There are such main ways of developing oil fields:

  • mechanical or pumping;
  • shale (which is considered more dangerous due to the use of chemicals and expensive);
  • fountain.

Mechanical method is the drilling of a well with pipes to the depth of the formation. After that, pumping equipment is installed and oil is pumped out using a compressor.

Oil
Picture: Worawit Duangchomphu | Dreamstime

Gushing method of oil extraction is the most economical. It is based on the fact that the oil reservoir is under the influence of rock pressure, as a result of which the liquid independently rises to the surface. In this case, equipment is installed, which consists of pipes installed in the well, and fittings on the surface that control the force of the fountain.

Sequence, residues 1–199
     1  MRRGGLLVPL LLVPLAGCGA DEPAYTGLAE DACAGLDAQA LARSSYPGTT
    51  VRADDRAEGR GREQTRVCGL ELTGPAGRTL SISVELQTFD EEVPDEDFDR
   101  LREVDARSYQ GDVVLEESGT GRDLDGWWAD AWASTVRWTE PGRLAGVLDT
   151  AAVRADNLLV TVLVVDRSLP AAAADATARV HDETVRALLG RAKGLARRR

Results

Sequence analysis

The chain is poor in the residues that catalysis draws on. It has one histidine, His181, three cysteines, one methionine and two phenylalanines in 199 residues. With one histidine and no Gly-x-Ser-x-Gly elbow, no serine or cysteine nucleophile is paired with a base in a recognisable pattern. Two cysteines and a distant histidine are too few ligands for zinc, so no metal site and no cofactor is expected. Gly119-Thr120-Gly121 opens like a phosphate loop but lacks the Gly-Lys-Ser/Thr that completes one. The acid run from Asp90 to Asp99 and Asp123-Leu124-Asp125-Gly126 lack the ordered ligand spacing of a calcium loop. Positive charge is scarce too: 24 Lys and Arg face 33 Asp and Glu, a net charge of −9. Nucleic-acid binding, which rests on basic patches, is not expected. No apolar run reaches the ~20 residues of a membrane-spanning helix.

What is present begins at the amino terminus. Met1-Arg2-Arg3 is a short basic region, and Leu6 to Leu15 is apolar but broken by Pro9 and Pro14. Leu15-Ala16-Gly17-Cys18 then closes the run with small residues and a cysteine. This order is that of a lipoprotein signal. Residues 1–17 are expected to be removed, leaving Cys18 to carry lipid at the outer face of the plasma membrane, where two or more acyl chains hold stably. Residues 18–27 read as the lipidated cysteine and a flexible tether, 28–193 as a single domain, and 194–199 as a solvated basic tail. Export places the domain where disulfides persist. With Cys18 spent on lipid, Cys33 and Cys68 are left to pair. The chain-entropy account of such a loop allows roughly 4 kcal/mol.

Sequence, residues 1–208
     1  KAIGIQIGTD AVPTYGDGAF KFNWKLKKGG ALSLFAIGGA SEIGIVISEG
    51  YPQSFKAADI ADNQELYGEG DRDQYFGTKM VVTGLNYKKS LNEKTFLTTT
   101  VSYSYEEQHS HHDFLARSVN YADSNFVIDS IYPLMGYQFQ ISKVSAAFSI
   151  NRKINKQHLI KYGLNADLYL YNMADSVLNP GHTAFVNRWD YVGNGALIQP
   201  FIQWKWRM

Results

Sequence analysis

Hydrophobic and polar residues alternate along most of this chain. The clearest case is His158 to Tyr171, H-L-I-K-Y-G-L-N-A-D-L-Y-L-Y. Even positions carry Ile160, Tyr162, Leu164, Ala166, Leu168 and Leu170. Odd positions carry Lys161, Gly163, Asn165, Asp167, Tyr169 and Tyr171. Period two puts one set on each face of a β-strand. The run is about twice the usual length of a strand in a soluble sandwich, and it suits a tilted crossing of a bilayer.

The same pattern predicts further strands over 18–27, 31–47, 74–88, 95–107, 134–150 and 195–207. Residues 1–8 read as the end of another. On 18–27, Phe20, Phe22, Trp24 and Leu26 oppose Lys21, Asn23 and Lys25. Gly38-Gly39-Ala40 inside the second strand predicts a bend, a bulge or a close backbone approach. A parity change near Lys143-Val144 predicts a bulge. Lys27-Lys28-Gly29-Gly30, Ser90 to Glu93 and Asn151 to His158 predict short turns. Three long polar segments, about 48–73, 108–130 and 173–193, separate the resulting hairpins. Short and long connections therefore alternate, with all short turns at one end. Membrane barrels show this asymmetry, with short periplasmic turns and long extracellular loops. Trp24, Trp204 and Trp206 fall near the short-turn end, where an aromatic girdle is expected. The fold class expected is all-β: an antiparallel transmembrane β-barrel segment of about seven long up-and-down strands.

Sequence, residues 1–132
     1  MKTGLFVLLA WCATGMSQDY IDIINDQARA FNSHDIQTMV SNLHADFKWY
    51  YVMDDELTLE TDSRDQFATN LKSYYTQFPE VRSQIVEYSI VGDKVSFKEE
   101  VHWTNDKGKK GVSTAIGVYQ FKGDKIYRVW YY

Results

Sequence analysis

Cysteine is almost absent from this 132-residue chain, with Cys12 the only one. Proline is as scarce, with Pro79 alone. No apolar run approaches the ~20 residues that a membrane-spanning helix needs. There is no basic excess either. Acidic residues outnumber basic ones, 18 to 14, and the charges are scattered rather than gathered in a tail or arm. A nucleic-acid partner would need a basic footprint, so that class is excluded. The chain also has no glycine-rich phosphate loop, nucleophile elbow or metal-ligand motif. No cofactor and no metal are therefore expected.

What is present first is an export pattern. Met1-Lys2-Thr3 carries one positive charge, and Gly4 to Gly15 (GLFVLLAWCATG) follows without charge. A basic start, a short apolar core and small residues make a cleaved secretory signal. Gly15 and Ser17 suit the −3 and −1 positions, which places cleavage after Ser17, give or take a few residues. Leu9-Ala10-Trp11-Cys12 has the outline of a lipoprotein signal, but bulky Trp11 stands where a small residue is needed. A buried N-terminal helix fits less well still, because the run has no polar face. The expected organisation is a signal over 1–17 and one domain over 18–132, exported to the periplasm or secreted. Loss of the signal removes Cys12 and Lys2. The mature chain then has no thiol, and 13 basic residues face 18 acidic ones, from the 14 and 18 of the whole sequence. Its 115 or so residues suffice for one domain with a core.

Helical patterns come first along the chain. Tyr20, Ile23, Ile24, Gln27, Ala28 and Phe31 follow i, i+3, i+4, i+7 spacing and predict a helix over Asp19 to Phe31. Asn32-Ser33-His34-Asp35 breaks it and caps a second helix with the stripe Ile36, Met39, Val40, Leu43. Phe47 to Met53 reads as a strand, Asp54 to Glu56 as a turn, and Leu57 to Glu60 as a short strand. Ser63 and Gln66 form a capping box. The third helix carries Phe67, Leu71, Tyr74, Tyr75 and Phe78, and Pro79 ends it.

Shale method of extracting black gold is the most expensive. There are two main ways to extract shale oil: obtaining shale oil on the surface (oil-bearing rock is fed upward, where it is processed in special units in which it is separated into oil fractions) and shale oil production at depth using hydraulic shocks and hydraulic fracturing. This method is used when oil-bearing rocks occur at great depths. For this, the technology of drilling horizontal wells is used, into which water is supplied under pressure. Under the influence of hydraulic shock, hydraulic fracturing occurs. From the many cracks obtained in the oil-bearing rock, the oil contained in it begins to stand out, which is supplied to the surface. This method of oil production, the use of hydraulic fracturing, carries a significant danger. The consequence of this technology is soil subsidence, seismic tremors, oil and methane getting into underground groundwater.